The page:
Two public high schools in New York City held fundraisers last week — Stuyvesant High School at a sold-out event, where a Taylor Swift headband sold for $900, and the Queens High School for Research, Information and Technology, where cookies and soda sold for $1. Stuyvesant parents hoped to raise $80,000. QIRT kids were shooting for $2,000. Below are photos from the two schools, approximately 30 miles, yet worlds apart:
Teacher Jomarie Figueroa sold snacks, sodas and hot dogs for $1-2 a piece out of her classroom at the Queens High School for Information, Research and Technology, a struggling small school in Far Rockaway. Figueroa hoped to hit a target of $2,000 to take a group of 50 graduates on a field trip in May. The money is expected to cover the cost of tickets, meals and the bus trip, all of which would have otherwise been too expensive for many students at school, about a quarter of whom are recent immigrants from Central America. Some of these new students are also undocumented. Photo: Aleksandra Konstantinovic.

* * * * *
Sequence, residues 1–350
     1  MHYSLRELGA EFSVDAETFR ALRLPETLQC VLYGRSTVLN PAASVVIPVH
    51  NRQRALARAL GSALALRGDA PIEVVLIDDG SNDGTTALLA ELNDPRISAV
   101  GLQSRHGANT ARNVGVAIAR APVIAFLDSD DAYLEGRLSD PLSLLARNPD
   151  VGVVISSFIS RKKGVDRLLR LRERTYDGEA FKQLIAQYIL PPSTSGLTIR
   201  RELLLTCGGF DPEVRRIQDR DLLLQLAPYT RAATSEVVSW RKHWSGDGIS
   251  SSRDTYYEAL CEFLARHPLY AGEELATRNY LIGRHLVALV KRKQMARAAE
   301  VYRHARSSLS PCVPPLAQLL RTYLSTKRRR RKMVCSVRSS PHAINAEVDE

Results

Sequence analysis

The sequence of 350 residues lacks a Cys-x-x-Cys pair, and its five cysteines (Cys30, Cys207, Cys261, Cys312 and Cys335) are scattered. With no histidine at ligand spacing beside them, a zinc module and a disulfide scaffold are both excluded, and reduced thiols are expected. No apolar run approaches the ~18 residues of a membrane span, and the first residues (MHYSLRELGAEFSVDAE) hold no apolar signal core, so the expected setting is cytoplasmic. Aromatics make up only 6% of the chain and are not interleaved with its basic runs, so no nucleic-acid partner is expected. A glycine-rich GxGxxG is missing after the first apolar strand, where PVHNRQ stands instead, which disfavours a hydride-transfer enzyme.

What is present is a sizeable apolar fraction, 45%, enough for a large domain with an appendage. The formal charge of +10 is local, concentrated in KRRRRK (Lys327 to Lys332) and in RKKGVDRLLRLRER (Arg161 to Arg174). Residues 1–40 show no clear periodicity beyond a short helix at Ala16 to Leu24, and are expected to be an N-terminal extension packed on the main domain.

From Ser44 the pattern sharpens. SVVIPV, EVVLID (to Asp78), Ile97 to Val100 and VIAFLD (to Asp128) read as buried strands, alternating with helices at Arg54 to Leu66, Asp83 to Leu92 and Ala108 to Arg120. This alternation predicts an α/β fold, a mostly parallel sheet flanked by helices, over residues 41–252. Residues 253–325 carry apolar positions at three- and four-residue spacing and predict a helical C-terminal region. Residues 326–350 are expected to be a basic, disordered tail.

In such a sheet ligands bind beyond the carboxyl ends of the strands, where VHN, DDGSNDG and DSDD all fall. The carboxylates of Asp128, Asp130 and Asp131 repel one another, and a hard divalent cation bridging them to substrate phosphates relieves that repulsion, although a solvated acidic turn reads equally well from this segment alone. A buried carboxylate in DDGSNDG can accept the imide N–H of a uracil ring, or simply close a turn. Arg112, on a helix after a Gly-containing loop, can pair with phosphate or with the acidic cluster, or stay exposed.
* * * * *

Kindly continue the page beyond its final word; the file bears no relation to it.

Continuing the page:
A hot dog machine sat empty after a day of sales. Figueroa raised $1,800, $200 short, in about a week, from March 31 – April 7, using donations of snacks from her friends and from other teachers. Her students carried boxes of snacks to sell at lunch and between periods, returning at the end of the day with stacks of bills to add to the growing count on a whiteboard inside the classroom. Photo: Aleksandra Konstantinovic.
Stuyvesant High School, the city’s most sought-after elite high school, hosted its 13th annual Spring Feast on April 8 in honor of newly admitted freshmen. This year was the first time the school sold out the venue at Jing Fong restaurant with 960 people attending. The Parents’ Association hosting the event expected to raise approximately $80,000 primarily from ticket sales. The event featured speeches from city politicians, at least one of whom was a parent of a former Stuyvesant student, Sen. Chuck Schumer. Photo: Aleksandra Konstantinovic.
A Taylor Swift designer headband up for auction at the Stuyvesant event was sold for $900. Another item, a gold coin, went for $1,500. The school also sold raffle and drink tickets, and held an online auction. According to the Parent Association website, Stuyvesant aims to raise $500 per student annually, and hit a total of $275,000 in its Annual Appeal last year. The money funds clubs and extracurriculars, as well as tutoring and extended class and library hours for the 3,300 seat school. Next year’s freshman class is expected to have a record low number of black and Latino students from the city’s public schools; 9 of the former and 14 of the latter were accepted so far into a class of nearly 900 students. Photo: Aleksandra Konstantinovic.